Fourth Industrial Revolution: Research Program
Today there is a growing consensus among leading industry, policy and academic circles that there is something “big on the horizon”. However, what it is and where it might be leading is the subject of raging debate and radically different interpretations and scenarios of possible development.
For some analysts, often referred to as techno-optimists, we seem to be entering a period of momentous historical transformation – a Fourth Industrial Revolution (henceforth the 4IR) – that is fundamentally changing the way we live, work, and relate to one another: an Inflection Point toward exponential growth. Its dominant economic manifestations are clusters of technologies that generate profound shifts across all industries, business models, disruption of incumbents, and the reconfiguration of production, consumption, transportation, logistics and delivery systems. Its societal manifestations involve a paradigm shift in labor and employment, communication and entertainment practices. Result? A positive transformation more comprehensive than anything seen before.
For others we seem to be entering a protracted structural crisis. According to this view we are facing a long process of generalized economic and social decay of capitalism driven by long-term dynamics with no credible alternative to replace it. The clusters of technologies that the techno-optimists identify as the drivers of exponential growth are seen here as a harbinger of long-term decline. What the “big thing on the horizon” is here is Entropy, i.e., the lack of order or predictability; gradual decline into disorder. Result? A prolonged period of social and political instability within and across countries and growing tensions and conflicts in uncharted international political waters.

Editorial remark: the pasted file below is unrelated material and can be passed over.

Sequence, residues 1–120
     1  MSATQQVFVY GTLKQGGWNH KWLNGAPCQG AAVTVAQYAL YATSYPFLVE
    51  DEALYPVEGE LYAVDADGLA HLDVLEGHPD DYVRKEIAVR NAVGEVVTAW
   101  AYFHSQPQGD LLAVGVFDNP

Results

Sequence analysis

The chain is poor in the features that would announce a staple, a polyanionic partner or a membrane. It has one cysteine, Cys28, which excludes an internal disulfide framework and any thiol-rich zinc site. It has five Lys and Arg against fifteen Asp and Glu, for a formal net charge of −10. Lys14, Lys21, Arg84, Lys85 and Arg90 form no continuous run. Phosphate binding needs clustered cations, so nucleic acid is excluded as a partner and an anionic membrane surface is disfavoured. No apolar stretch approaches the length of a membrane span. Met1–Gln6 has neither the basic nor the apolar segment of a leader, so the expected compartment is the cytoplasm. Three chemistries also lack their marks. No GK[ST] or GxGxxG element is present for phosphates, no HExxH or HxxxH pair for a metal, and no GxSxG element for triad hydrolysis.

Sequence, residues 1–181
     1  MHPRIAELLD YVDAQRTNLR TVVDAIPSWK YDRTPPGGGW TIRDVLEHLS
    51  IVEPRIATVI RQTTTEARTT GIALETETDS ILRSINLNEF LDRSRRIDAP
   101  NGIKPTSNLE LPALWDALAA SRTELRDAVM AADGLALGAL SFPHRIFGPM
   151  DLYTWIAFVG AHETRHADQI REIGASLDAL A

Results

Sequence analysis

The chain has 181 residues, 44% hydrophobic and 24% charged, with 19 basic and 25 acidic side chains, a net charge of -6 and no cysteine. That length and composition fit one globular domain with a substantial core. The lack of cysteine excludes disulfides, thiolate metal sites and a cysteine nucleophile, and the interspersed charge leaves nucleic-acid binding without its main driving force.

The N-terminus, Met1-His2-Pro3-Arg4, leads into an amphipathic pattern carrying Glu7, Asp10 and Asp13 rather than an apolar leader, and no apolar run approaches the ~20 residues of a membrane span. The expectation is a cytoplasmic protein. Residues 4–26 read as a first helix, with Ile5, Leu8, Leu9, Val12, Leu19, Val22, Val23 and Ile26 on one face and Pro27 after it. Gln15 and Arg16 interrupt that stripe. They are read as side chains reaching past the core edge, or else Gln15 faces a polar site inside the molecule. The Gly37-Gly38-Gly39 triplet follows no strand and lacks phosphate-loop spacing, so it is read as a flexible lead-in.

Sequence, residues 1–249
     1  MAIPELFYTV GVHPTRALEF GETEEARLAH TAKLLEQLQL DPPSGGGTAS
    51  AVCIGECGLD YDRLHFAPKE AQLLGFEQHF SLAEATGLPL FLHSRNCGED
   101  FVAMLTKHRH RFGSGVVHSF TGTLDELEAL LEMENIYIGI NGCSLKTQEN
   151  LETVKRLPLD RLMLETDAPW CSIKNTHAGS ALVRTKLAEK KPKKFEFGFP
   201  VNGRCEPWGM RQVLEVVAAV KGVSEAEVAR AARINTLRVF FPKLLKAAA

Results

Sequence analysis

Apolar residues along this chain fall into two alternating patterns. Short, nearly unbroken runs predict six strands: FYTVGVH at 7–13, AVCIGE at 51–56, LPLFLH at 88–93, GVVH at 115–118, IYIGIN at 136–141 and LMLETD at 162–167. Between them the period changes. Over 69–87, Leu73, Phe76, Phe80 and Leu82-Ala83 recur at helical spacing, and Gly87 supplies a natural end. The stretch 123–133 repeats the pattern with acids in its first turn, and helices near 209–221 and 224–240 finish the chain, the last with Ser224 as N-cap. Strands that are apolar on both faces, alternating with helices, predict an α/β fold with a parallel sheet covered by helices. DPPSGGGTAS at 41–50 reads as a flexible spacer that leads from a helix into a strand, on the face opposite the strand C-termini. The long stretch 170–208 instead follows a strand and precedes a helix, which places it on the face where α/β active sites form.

A third position maintains that we are at an Interregnum, the mid-point between “installation” and “deployment” of new technologies. Historically, “installation” is characterized by the turbulence of “creative destruction”. The diffusion of a new paradigm leads to widespread displacement of old skills and to polarization between new and old industries, regions and incomes. During “deployment” new possibilities are diverse and unconnected. These represent potentialities because they can be shaped in various ways to create alternative cost and profitability structures, new forms of demand, skills, and synergies along supply chains, distribution networks and consumption modes. Result? A long-term techno-economic and socio-technical paradigm shift that leads to a profound transformation in the modes of work and consumption, as well as ways of life across society.
Which one of these broad scenarios is more likely to materialize? This is the question this research program sets out to consider. Its goal is not prognostication. Instead, its objective is to lead a broad kaleidoscopic exploration of where we are and map the “limits of the possible” of these three trajectories as historical possibilities. Put another way, the main rationale of the program is to analyze and assess the drivers of the 4IR but also the sources of resistance and consequences that could undermine it and redirect it in different directions than those originally envisaged by its patrons. Read more